Many families are on the run, stopping at a drive-thru between soccer practice and piano lessons. Other families may leave a pot on the stove, but it’s up to each person to grab their food and head off to different corners of the house to settle in front of their favorite TV show.
Whatever your family’s normal pattern of meals, scientists have published findings in the journal Pediatrics that may cause many families to reassess their mealtime habits and find new ways to eat together.
The study from the University of Illinois, Urbana-Champaign showed that families that eat dinner together regularly tend to exhibit better health, a lower risk of becoming obese and show better overall healthy eating habits. The researchers indicated that eating meals together regularly equates to at least three meals per week.
In addition, children who frequently share meals with their families lower their risk for disordered eating, which is a pattern of behaviors that can lead to the development of an eating disorder.
Led by Amber J. Hammons, PhD, and Barbara H. Fiese, PhD, the researchers studied findings of 17 studies on child nutrition that involved a total of over 182,000 kids, including teenagers. The authors report that this is the first study to show evidence of a link between shared family meals and nutritional health in children.
Dr. Hammons explained that families who eat even more meals together, five or more, have children who are approximately 25 percent less likely to exhibit nutritional problems than kids who eat a maximum of one meal per week with their families. Shared family meals play a role in protecting kids from unhealthy eating, such as disordered eating patterns.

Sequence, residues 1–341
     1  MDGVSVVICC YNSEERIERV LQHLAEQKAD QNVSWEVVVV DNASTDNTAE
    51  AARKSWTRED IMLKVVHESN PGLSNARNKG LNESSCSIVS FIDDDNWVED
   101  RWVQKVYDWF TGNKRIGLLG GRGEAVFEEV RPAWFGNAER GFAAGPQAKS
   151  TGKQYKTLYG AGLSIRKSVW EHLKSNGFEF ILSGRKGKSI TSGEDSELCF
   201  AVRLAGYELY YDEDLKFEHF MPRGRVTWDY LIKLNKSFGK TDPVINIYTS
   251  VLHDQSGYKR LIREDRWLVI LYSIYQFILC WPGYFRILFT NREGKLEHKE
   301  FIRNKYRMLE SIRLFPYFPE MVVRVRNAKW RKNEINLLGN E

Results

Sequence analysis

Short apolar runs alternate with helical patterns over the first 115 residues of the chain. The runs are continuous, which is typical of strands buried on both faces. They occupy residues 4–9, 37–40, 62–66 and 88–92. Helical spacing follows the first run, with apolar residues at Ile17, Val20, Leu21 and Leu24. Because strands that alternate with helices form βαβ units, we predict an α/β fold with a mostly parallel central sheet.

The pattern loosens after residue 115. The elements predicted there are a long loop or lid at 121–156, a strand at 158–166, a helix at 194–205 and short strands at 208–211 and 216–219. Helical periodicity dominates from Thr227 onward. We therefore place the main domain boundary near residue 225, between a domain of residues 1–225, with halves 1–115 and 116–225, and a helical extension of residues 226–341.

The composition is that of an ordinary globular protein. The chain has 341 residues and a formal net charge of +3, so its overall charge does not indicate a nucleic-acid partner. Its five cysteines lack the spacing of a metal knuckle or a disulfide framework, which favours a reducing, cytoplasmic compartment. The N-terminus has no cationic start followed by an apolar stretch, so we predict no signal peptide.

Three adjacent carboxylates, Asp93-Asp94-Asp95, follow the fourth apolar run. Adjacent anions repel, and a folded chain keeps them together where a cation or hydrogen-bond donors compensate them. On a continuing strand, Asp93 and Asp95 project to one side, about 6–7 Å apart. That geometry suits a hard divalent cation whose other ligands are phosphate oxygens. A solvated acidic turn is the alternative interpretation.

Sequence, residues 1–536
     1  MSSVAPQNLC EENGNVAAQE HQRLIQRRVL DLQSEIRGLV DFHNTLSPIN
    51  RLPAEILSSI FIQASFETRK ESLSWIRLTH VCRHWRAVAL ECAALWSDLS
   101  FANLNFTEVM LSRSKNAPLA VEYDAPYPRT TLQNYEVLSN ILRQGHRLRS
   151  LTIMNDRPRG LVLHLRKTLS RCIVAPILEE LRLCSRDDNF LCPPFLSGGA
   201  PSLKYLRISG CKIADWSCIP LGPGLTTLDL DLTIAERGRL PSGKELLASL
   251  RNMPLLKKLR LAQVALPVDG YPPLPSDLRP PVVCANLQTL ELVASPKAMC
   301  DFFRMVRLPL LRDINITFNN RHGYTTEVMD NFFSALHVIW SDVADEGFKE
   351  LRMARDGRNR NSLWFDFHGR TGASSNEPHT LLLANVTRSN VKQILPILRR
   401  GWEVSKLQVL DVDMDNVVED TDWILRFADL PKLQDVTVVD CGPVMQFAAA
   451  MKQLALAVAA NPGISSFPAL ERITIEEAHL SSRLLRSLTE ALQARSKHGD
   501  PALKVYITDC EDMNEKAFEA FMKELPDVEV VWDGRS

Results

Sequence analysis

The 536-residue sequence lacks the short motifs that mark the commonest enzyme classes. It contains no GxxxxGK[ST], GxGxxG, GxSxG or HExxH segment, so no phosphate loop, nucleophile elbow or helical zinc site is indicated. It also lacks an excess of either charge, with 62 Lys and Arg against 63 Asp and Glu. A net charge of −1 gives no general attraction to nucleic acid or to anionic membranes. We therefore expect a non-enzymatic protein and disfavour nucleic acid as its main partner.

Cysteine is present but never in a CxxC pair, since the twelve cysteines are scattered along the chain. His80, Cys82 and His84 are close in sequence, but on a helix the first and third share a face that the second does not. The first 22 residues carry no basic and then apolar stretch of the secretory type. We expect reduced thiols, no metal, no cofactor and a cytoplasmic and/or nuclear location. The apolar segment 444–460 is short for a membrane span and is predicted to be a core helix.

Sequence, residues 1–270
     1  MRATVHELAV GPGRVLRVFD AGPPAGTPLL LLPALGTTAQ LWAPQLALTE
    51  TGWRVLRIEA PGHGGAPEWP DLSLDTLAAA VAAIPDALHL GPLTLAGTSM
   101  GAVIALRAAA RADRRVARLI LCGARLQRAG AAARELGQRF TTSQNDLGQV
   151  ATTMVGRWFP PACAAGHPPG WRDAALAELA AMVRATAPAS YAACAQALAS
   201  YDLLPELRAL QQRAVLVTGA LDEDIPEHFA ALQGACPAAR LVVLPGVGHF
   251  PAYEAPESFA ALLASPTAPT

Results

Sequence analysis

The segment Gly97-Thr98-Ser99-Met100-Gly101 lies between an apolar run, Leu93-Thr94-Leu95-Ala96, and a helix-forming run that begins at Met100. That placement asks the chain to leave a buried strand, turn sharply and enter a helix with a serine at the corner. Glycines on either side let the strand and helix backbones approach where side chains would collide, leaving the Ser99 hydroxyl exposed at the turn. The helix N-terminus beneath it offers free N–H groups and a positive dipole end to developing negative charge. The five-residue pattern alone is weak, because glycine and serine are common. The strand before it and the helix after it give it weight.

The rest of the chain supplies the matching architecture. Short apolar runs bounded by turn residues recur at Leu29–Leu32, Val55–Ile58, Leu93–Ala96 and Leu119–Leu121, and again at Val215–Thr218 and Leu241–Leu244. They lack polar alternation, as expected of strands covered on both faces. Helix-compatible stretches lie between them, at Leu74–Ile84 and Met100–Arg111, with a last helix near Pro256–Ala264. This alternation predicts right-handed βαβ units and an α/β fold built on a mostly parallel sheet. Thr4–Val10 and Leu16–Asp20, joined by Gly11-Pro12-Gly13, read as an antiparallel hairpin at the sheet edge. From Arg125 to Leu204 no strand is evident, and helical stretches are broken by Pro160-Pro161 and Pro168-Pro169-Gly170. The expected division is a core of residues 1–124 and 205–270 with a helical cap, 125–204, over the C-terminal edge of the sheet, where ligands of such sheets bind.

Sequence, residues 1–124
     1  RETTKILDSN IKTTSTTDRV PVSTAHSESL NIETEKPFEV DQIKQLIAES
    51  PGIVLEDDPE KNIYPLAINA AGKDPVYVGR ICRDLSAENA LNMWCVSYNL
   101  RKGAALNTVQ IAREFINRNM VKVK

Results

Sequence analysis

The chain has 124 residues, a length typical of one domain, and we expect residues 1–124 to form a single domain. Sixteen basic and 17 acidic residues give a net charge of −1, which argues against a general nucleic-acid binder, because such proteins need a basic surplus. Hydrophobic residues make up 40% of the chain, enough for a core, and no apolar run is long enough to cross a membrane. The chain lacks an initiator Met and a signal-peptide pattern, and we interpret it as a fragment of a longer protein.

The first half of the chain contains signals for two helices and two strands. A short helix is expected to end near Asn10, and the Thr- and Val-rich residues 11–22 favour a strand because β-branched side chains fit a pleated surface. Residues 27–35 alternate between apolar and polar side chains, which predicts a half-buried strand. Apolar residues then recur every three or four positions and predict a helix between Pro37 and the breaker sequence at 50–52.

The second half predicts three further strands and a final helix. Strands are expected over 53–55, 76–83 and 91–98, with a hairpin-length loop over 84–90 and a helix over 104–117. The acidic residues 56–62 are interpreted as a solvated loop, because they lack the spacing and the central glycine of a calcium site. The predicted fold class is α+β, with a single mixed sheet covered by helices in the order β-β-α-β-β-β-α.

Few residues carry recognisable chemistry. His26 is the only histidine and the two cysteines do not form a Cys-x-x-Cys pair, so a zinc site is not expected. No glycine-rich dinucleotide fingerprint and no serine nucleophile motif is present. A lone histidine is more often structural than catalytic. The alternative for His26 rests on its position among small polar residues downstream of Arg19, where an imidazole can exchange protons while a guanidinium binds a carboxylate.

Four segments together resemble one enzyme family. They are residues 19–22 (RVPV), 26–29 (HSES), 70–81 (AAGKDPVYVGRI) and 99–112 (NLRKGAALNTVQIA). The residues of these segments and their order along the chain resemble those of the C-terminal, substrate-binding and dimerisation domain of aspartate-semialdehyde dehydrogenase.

In children who shared a family meal five times a week, there was evidence that the children had a 35 percent lower chance of exhibiting disordered eating patterns compared to other kids. Disordered eating includes bingeing/purging, deliberate vomiting, fasting, missing meals, using diuretics, and other types of behaviors.
The authors explain that mealtimes may provide a setting where parents can catch early signs of an eating disorder developing and discuss it with their child before it becomes a full eating disorder. Meals also predict family-connectedness, which may provide adolescents a way to discuss such issues in a safe environment.
Several of the studies analyzed examined the weight status of families. Those families that ate together at least three times per week had a 12 percent lower risk of being overweight.